If I could log onto my desktop computer wirelessly, I'd have a way to access everything that
was stored at home.
Al Fasoldt's reviews and commentaries, continuously
available online since 1983
T e c h n o f i l e
Log on to your computer from afar with LogMeIn
July 29, 2007
By Al Fasoldt
Copyright © 2007, Al Fasoldt
Copyright © 2007, The
My wife and I had to make some tough decisions on what to bring and what to leave at home when
we packed for five weeks on the road in our motor home. But we both agreed that we'd never leave home without our
The two laptops and our two cameras turned out to be ideal companions. We were able to view and
edit our digital photos on the spot, and we used a Verizon broadband wireless laptop adaptor do our e-mail and blogs
on our 8,000-mile journey.
But having modern laptop computers and being connected 24/7 wasn't enough for me. At first, I'd
wanted to bring along my desktop computer and its massive external storage drives. By doing that, I'd have immediate
access to every program, document and help file in my collection, along with all my digital photos.
Alas, our passenger list included two large dogs, and they needed every inch of extra space in
the RV. So I quickly discarded the idea of hauling my big desktop system along. And I reluctantly gave up the notion
of bringing along any of my storage drives.
Just before we left, however, I realized I could take my desktop computer and its drives on the
journey in another way. They would take up no space at all. If I could log onto my desktop computer wirelessly, from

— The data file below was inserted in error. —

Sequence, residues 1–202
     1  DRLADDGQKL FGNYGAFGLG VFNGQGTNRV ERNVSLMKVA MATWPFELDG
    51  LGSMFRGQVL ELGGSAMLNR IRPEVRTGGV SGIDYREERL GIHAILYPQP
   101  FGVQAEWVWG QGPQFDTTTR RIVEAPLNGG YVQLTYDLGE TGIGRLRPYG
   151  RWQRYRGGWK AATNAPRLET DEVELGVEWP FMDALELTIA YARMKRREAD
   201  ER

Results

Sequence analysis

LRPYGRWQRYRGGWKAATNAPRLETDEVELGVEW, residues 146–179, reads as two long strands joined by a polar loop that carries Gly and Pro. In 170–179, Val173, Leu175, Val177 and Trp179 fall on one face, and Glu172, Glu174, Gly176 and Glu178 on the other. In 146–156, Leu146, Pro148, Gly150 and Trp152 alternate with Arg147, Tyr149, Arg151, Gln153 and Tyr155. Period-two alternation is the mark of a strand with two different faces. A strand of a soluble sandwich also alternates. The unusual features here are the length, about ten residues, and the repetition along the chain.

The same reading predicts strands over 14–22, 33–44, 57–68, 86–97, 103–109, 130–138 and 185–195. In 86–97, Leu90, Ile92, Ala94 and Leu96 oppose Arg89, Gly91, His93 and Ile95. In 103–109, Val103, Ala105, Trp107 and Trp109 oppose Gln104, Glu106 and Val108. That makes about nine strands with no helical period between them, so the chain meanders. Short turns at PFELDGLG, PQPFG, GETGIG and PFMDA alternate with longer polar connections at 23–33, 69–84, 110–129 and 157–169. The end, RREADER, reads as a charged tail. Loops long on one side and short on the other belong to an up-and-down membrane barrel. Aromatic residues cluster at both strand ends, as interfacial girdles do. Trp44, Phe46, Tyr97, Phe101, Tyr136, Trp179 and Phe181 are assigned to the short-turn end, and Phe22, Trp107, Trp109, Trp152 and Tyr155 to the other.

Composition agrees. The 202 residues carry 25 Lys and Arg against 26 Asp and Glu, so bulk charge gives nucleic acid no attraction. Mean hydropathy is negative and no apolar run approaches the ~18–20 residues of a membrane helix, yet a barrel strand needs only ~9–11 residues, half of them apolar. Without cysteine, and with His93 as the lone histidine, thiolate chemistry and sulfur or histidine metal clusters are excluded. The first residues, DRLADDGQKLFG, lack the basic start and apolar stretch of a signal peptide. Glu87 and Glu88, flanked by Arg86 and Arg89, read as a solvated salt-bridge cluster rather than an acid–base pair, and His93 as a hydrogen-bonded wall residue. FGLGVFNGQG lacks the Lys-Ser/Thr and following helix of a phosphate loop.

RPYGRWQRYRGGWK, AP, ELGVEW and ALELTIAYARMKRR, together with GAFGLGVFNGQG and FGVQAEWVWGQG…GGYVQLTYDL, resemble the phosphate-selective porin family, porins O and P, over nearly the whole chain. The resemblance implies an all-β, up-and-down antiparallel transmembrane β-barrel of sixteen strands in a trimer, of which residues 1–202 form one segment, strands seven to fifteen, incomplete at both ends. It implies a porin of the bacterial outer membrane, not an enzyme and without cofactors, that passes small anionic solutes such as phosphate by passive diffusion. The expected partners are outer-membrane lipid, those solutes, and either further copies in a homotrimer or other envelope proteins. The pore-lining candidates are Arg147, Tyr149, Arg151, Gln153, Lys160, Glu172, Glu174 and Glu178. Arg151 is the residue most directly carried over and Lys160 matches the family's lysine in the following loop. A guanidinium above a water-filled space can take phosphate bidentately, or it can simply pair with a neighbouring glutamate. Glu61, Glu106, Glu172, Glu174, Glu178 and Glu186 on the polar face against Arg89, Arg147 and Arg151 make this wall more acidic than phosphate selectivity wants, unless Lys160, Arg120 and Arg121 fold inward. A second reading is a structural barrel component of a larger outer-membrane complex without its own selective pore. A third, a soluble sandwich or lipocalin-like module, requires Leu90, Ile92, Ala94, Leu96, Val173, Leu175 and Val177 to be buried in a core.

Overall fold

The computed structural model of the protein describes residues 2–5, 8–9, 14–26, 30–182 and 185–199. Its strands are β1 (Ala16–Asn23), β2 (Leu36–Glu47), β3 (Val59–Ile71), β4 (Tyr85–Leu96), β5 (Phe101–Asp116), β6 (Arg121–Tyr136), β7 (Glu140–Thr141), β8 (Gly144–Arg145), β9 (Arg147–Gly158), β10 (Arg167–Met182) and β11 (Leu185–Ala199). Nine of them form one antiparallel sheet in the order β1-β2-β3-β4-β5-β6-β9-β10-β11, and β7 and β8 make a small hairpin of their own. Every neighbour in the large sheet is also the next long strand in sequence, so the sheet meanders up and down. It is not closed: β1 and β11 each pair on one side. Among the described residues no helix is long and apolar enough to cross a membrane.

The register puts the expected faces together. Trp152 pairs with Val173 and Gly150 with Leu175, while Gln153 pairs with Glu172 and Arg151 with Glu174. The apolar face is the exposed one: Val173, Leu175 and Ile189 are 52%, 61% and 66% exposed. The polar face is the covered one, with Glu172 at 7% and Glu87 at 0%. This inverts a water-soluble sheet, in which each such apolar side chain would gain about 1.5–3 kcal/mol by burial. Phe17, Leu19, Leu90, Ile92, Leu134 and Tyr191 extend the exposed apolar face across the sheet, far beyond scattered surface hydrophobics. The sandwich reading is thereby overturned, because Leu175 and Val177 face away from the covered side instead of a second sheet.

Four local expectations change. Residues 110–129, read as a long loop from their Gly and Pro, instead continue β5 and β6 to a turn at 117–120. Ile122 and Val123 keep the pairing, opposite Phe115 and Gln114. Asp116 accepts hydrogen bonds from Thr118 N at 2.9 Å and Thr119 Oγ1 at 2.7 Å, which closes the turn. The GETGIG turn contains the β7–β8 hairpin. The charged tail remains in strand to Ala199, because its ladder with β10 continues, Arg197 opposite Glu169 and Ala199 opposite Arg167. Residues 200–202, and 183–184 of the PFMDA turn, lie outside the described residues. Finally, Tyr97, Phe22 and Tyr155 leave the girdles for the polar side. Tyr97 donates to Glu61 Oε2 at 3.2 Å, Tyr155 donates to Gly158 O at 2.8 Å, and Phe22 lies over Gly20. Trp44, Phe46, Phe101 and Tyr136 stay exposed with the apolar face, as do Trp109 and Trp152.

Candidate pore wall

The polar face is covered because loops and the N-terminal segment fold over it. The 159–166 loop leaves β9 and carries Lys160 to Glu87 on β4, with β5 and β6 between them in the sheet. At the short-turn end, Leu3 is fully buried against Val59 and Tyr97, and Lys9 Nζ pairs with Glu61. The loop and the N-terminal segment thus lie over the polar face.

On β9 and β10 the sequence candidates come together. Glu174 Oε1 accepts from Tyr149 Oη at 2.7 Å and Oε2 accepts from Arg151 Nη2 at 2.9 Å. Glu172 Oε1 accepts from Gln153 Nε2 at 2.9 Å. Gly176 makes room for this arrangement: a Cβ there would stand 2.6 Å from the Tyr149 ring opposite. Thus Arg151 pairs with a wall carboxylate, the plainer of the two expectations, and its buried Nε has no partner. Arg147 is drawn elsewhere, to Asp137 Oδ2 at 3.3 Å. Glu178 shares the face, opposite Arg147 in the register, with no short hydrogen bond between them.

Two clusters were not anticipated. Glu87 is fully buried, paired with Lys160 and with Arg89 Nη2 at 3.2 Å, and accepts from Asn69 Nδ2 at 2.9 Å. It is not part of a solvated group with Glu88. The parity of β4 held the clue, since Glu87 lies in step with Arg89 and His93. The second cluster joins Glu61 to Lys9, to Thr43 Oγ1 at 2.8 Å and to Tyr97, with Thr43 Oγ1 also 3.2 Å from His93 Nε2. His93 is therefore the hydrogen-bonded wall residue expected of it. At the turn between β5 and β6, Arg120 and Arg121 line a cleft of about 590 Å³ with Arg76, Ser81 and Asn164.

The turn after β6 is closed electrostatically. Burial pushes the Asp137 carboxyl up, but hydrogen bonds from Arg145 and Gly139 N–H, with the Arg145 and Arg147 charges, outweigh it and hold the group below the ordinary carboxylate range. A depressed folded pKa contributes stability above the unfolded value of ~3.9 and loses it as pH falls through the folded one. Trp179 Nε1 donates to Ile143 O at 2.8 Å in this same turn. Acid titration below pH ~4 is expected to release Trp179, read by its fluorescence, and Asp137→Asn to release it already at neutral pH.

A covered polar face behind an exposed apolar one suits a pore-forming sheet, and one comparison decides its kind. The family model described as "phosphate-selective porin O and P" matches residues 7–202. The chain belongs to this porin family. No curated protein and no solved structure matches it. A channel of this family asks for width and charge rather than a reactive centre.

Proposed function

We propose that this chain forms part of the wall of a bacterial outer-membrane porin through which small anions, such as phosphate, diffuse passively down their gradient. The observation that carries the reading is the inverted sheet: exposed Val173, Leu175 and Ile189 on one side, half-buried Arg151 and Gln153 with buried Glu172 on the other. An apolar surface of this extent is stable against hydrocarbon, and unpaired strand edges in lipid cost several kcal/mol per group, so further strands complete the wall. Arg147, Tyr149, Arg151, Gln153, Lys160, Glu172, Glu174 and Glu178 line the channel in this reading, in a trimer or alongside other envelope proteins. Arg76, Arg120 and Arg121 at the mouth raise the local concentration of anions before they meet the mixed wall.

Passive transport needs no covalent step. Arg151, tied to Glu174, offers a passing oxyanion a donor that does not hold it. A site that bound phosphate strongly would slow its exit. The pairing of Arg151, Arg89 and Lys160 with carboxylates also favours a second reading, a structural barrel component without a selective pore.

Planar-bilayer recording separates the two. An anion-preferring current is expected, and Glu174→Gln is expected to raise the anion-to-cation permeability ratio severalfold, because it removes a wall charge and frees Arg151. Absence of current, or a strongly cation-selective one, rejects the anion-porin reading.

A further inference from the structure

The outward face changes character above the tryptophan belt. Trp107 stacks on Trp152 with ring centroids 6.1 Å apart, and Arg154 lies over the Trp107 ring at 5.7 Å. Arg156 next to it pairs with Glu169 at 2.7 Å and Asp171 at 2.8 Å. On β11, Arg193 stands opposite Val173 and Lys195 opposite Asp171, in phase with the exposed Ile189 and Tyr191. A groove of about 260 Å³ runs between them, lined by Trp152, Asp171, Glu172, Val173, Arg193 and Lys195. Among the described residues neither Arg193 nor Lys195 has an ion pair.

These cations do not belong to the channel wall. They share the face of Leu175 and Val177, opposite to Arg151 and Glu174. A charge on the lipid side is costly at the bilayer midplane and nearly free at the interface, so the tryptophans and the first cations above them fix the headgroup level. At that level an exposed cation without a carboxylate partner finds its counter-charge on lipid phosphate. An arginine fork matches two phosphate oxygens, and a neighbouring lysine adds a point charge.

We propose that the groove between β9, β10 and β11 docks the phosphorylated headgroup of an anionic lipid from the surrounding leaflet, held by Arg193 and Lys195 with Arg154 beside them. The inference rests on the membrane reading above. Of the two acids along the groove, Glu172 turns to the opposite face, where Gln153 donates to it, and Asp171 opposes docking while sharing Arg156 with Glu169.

my laptop, I'd have a way to access everything that was stored at home.
For as long as there have been computers and networks, there have been ways of connecting to
distant systems as if you were sitting at the remote computer's keyboard. Most of them have been slow and difficult
to set up. The method I used, however, was comparatively fast and very easy to put into use.
I installed software called LogMeIn, from https://secure.logmein.com. There are versions for both Windows and Mac computers. (The Mac
version is so new you might not find it on the main page. Instead, go to https://secure.logmein.com/products/mac/download.asp.)
The Pro version, available only for Windows as of mid-July, costs $60 to $70 a year for each
PC, based on how many licenses you buy. It allows remote file transfers and printing. among other non-essential
features. I used the free version, which has all the functions I needed (access to my home computer even across a
firewall, the ability to run programs remotely, and full access to documents). Special deals might also be available;
check the Web site.
The company behind this remote-access software is LogMeIn, Inc., located in the Boston area.
Rather than connecting one computer directly to another, the LogMeIn method uses a gateway on its own servers. You
begin the connection by logging onto the gateway, which then sends the other computer a signal to allow a remote
connection. The remote computer has to be running LogMeIn connection software in order to link up.
This requirement tripped me up at one point. Apparently I had set up automatic updating on the
LogMeIn host software installed on my desktop Mac. After many days of successful connections, the LogMeIn software on
my laptop reported that my desktop system was not responding.
When I got home, the screen on my desktop computer showed that it had been waiting -- for
weeks, as it turned out -- for my permission to complete a LogMeIn update. While it was showing this form on the
screen, my Mac had blocked all communications.
I can't blame my Mac (which was designed to be secure) or the update software (which was just
doing its job), but the next time I go away I'll turn off any auto-updates.